I posted a picture of the two quilts I made for Christmas gifts...my Fiance' asked if I could make the Shadow Box quilt again for a charity auction. They also need to have a value put on this quilt (not sure why) but the quilt that I will re-make is the first quilt in the picture (Shadow Box) it is 68x71in., does anyone have any idea what value I should give them?
Thanks for all your input.....
I would think the value of all your materials and a "reasonable fee" for the sewing/quilting of the quilt.
They may need it for several reasons... they might wish to give you a receipt so you can deduct it on taxes or they might need to have a value to advertise what the prize is worth or again, they might need the value to give to the winner of the auction (something about the difference in the price they pay and the value of the item being tax deductible).
If in doubt, ask them why they need the value and go from there.
My quilts this size, I sell for $300. to 450. I would say this would be $350. It is a very nice quilt.
I would consider the cost of the fabric, the quilting, and then add a price for the time in it. They may be looking for a starting price at the auction and perhaps to give you a receipt for tax purposes. I would add a label to it with the name and date of the charity and auction. That always seems to make people willing to pay more.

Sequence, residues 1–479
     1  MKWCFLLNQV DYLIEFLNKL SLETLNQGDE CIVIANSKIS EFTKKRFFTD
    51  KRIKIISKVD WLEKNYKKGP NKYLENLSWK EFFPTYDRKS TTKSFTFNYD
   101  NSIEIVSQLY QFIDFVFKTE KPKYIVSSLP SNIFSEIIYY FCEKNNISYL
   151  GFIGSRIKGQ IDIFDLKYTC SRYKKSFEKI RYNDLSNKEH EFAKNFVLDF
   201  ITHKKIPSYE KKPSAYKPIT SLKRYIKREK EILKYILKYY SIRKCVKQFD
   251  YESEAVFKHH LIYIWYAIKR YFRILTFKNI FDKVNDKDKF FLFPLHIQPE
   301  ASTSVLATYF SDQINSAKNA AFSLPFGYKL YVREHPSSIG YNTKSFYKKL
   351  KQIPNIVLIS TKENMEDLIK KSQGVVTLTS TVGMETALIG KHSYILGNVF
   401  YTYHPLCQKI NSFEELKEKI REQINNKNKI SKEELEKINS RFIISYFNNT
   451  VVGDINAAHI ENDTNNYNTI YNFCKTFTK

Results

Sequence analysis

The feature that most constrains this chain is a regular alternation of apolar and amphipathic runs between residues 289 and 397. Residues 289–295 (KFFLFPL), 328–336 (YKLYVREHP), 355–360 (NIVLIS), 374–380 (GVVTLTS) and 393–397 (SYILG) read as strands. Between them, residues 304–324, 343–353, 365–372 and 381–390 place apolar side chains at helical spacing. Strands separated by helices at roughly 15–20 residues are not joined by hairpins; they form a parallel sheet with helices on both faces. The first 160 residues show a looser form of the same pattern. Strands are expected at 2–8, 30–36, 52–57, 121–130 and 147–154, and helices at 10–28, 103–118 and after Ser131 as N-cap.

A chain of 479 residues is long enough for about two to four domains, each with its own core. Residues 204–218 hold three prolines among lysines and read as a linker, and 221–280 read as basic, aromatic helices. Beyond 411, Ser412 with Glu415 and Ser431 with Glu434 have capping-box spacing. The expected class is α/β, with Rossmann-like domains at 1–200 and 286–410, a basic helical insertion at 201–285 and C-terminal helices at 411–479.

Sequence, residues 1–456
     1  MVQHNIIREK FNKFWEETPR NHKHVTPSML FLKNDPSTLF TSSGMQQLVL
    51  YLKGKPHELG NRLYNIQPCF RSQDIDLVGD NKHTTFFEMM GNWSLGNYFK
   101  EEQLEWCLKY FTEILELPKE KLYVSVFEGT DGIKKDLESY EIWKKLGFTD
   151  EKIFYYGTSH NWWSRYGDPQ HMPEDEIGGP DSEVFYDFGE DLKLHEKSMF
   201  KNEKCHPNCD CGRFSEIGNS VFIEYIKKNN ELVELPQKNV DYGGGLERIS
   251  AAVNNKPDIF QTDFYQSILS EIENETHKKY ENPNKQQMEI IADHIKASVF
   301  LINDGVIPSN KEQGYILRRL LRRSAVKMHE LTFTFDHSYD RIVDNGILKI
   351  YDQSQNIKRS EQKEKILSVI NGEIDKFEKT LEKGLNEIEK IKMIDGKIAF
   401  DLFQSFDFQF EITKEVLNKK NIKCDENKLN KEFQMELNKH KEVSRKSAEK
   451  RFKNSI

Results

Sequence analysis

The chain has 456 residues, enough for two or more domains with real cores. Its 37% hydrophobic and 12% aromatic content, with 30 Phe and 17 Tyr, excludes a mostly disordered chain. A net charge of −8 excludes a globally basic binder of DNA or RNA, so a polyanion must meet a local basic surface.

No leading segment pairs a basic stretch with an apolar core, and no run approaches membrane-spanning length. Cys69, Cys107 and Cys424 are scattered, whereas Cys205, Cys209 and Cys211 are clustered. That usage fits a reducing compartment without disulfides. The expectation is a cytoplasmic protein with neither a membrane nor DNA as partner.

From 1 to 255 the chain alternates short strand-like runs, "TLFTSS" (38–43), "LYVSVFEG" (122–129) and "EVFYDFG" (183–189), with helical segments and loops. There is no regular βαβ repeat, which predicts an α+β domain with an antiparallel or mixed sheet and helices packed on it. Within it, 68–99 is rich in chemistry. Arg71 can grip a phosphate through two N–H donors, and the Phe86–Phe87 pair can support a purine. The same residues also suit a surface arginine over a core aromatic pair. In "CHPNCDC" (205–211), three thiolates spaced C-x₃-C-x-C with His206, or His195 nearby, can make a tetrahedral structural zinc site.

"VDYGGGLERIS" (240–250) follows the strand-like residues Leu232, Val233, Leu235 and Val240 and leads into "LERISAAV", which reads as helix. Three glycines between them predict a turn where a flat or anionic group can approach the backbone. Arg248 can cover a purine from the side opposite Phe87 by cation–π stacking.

Not a penny less than $350. More like $400.
(and since we're almost at a 1:1 rate, it doesn't matter which currency :roll: ).
Your costs include around 9 yards of fabric, batting, thread.
That's around $100 US (but I'm sure it costs you more in Canada). Call it $130.
Double it for time to make the quilt (which is sometimes used as a standard...I don't know that I agree with it).
If you sent it out to be quilted with a simple design, it would cost around $100. So that's the value of the quilting.
Add some in more....just because. :thumbup:
You also don't want to lowball it because you want the bidding to continue to move up, not stall out at some lower number.
I don't know where in Canada you live, but here a charity has to have a lottery license to have a raffle, item on tickets, etc. if the tickets are going to be sold to members of the public outside the organization. In order to get the license, the value of the item has to be reported to the government department that licenses lotteries so they can calculate the amount that is paid to the government at the end of the process.